The morning after our family dinner, I phoned my friend whose child was involved because that is what I would want someone to do for me. I let her know what the kids were watching. That was when I learned that her oldest son was struggling with pornography, and they were most likely his videos easily accessible on the iPad history. We were able to talk about their family challenges, and the conversation was strengthening for both of us.
Pornography used to be a private matter, but it has reached the point where it needs to be a community discussion. In order to best protect and prepare our youth, we need to have conversations not only in our families, but also with our friends, in our schools, and as a community.
- Have the Discussion Early and Often
The following day, we also had a conversation with our child about the videos watched. Our child seemed uncomfortable talking about it, but after moving into the privacy of a blanket tent in our bedroom, we openly discussed what was seen, why people make videos like that, what we should do if the videos come up again, and how grateful we are for our bodies and our knowledge of how to treat them.
The dialogue has continued since, and we hope that our children feel comfortable talking to us about anything and everything. Experiences since this one have shown that so far they are able to confide in us. We are grateful for that.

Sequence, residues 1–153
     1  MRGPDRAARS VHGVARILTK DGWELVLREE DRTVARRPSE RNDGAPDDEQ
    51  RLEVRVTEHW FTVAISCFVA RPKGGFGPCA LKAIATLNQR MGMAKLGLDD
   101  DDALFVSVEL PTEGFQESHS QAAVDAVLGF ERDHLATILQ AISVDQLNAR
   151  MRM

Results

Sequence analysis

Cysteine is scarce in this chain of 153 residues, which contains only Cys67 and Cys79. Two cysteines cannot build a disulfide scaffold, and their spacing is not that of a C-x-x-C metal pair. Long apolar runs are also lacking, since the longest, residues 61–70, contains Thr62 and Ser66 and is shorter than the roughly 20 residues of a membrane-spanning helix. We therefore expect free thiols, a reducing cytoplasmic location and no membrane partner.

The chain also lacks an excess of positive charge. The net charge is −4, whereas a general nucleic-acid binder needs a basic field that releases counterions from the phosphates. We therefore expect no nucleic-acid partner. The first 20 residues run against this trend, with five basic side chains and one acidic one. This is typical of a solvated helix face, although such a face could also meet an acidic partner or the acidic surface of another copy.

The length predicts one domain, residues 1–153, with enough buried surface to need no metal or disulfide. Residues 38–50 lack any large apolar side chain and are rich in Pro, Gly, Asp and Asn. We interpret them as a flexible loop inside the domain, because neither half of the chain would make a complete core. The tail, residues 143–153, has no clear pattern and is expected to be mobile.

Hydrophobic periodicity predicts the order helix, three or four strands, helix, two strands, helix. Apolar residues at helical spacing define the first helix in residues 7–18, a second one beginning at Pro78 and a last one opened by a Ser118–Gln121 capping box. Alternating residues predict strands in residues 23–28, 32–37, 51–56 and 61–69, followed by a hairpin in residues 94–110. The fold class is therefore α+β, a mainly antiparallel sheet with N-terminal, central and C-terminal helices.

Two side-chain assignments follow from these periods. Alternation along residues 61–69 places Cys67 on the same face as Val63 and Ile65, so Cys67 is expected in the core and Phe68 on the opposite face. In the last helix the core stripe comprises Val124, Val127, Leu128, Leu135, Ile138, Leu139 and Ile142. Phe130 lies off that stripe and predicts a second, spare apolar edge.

- Teach the Why
In all of our conversations, our underlying motive should always be clear. Our teaching about pornography happens because of love: we love our kids and want what is best for them. We also understand the impact pornography can have on love.
We ought to be candid about the harmful effects such as addiction, isolation, ruined relationships, and distorted perceptions of reality. However, we also want to be honest about the powerful positives of avoiding pornography.
The human body is beautiful, special, and inextricably connected with our inner selves. We have love and respect for our own and others’ bodies. It is natural and right to have physical and emotional attractions. As we learn to develop those attractions in healthy and appropriate ways, we can experience the greatest fullness of love.
Power against Pornography
A vast market of people thrives financially from pornography consumption. An adult level of freedom of expression exists as well. Eradication of pornography seems unlikely, although we can work to get closer to that. But we have a choice of how to handle it.
We can avoid the topic because of embarrassment, ignorance, or a lack of making it a priority. If so, we leave the teaching to the media, friends, and whatever happens to be taught at school.
Or, we can take an active role in preparing our children, even our very youngest children, for a world where they will be faced with pornography. Through trusting relationships, where intimate topics are openly discussed, we can prepare our children for a beautiful, wonderful world, where they can choose to look away from that which would degrade or harm and toward that which would edify and uplift.
I believe our child has had zero lasting, negative consequences from this young, single exposure to pornography. That is because we have the power, as parents and as individuals, to choose what happens next.
Is it hard for you to talk to your kids about pornography? What has helped you with those conversations? Share your thoughts and experiences in the comments. Please also share this post with other parents…we all need to hear this message.